Rear of the Year – this year’s winners of the Wizard Jeans Rear of the Year Award are Shobna Gulati and John Barrowman.
They will hold the title for a year and take over from last year’s winners Loose Women’s Carol Vorderman and Anton du Beke from Strictly Come Dancing.
Shobna Gulati is now better known as Sunita Alahan in ITV’s Coronation Street but was first spotted on our screens as the dappy Anita in Victoria Wood’s Dinnerladies, which ran from 1998 to 2000. She also has the rare distinction of being of the few people to have appeared in both Coronation Street and its BBC rival Eastenders where she played the part of Ameena Badawi in 2000.
Shobna credits her mother as being responsible for her top-rated bottom. She said: “I am really honoured and flattered to be a winner of this year’s competition and for my bum to be etched into the history of the award’s alumni – a list which includes so many other distinguished bottoms.”
“And I’d also like to say thanks – in the words of Will.i.am, ‘I got it from my mama’.”
Doctor Who and Torchwood star John Barrowman clearly got a huge amount of votes from his admirers and Wizard Jeans spokeswoman Sally Allen said: “John’s rear is clearly admired on an international basis, judging by the number of fans who voted for him. No doubt his dancing prowess helps to keep him in tremendous shape.”
There have been many well-known winners of the Rear of the Year Award since it was first handed out to Barbara Windsor in 1976. It was originally conceived as a one-off award but caught the public’s imagination and Felicity Kendall was given the accolade in 1981. From that date it became a more regular thing and apart from the odd gap awards were given out annually.
Here is the full list of Female Rear of the Year Award Winners:
- Barbara Windsor in 1976
- Felicity Kendall in 1981
- Suzi Quatro in 1982
- Lulu in 1983
- Elaine Page in 1984
- Lynsey de Paul in 1985
- Anneka Rice in 1986
- Anita Dobson in 1987
- Su Pollard in 1988
- Marina Ogilvy in 1991
- Ulrika Jonsson in 1992
- Sarah Lancashire in 1993
- Mandy Smith in 1994
- Tracy Shaw in 1996
- Melinda Messenger in 1997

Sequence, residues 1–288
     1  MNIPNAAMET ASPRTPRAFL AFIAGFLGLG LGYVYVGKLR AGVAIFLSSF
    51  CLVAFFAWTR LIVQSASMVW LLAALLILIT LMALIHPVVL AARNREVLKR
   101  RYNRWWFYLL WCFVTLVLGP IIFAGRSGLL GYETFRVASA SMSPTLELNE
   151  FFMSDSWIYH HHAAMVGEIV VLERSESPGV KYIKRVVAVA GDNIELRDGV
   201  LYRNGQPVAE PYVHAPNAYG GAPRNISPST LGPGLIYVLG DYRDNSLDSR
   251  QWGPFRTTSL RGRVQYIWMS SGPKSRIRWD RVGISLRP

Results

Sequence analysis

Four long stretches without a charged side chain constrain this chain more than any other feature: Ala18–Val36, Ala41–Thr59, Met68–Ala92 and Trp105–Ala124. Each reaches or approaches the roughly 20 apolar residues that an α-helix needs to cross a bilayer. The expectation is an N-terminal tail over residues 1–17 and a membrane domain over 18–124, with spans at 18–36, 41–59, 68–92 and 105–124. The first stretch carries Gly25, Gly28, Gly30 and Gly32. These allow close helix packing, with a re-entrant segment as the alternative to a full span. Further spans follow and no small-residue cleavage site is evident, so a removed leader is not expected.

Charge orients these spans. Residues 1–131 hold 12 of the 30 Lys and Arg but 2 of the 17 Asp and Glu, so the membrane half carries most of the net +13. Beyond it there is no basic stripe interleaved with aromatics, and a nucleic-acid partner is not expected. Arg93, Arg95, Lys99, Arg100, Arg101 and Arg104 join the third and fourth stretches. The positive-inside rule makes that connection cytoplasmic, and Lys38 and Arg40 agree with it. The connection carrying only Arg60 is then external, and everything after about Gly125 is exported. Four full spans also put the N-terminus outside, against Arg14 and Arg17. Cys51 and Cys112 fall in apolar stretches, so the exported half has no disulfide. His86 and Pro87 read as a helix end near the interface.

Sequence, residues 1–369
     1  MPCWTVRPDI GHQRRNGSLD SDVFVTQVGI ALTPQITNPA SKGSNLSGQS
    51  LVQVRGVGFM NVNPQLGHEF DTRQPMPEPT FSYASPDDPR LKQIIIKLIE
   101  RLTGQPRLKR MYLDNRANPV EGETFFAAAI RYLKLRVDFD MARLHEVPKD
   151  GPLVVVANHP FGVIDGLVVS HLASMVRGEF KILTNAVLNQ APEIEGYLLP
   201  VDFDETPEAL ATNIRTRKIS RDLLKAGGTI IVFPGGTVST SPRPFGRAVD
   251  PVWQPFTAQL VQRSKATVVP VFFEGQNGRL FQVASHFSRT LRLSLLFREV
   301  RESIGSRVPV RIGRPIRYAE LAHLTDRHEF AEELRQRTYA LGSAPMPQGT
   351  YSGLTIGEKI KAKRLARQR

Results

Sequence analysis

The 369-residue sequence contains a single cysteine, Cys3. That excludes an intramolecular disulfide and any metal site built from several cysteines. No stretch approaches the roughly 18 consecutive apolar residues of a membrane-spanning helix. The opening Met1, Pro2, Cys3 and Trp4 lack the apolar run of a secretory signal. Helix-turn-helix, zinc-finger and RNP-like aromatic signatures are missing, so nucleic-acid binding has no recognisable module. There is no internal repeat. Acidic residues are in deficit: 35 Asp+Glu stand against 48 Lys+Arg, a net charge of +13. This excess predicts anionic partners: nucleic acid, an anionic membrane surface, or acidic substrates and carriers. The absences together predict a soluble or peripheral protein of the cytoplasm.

- Carol Smillie in 1998
- Denise van Outen in 1999
- Jane Danson in 2000
- Claire Sweeney in 2001
- Charlotte Church in 2002
- Natasha Hamilton in 2003
- Alex Best in 2004
- Nell McAndrew in 2005
- Javine Hylton in 2006
- Sian Lloyd in 2007
- Jennifer Ellison in 2008
- Rachel Stevens in 2009
- Fiona Bruce in 2010
- Carol Vorderman in 2011
The poster by German artist Heinz Schulz-Neudamm sold for a world record $690k (£443k) in 2005 when it was bought by collector Kenneth Schacter. Now Mr Schacter has filed for bankruptcy and the poster (which he has valued at just $250k in his official papers) is expected to reach as much as $1m at auction. The American movie poster expert Sean Linkenback has called the poster “”the crown jewel of the poster world”.
Metropolis was written by movie director Fritz Lang and his wife Thea Von Harbou and takes place in 2026 in a futuristic dystopian society with huge differences in wealth between the wealthy people living in huge tower blocks and the workers who exist underground.
The movie has some impressive special effects for its time and has a very Art Deco feel to the buildings in the city. The movie struggled a little when it was first released due to the long run time and some scenes which worried the censor. There are a number of shots in the film where you might be surprised to see women’s’ breasts clearly visible under see-through clothing and there is also an erotic dance scene which features a robot version of Maria, the film’s heroine.
The film was severely cut after release and over the years much of the original footage was lost. In 2008 an original copy of the movie was found in an Argentinian museum and a large amount of money was spent on restoring ll the reels of film to perfect condition. Following the restoration a full-length version of Metropolis was shown on large screens in Berlin and Frankfurt in February 2010.
The movie is certainly worth watching in its new restored version and it has influenced many directors over the years. Just watch Bladerunner and Tim Burton’s Batman to see how much influence Metropolis has had on the science fiction movies that followed it. You can also see a further reference to the film if you look at Star Wars C3P0 after watching the robots in Metropolis.
You even have seen clips from the movie without knowing it as Queen used a lot of footage from the film to provide atmosphere in the video for their 1984 hit Radio Ga Ga. They had to pay money to the East German government for the right to use the Metropolis footage as they were the copyright holders at the time.
It may be that another movie poster takes the most expensive crown as there is also an extremely rare copy of the poster for the brilliant 1933 King Kong, starring Fay Wray, in Schacter’s collection. In fact the entire collection may have a value as high as $5m but at the present time Schacter is not co-operating with the bankruptcy officials who have asked many times for an inventory of his collection.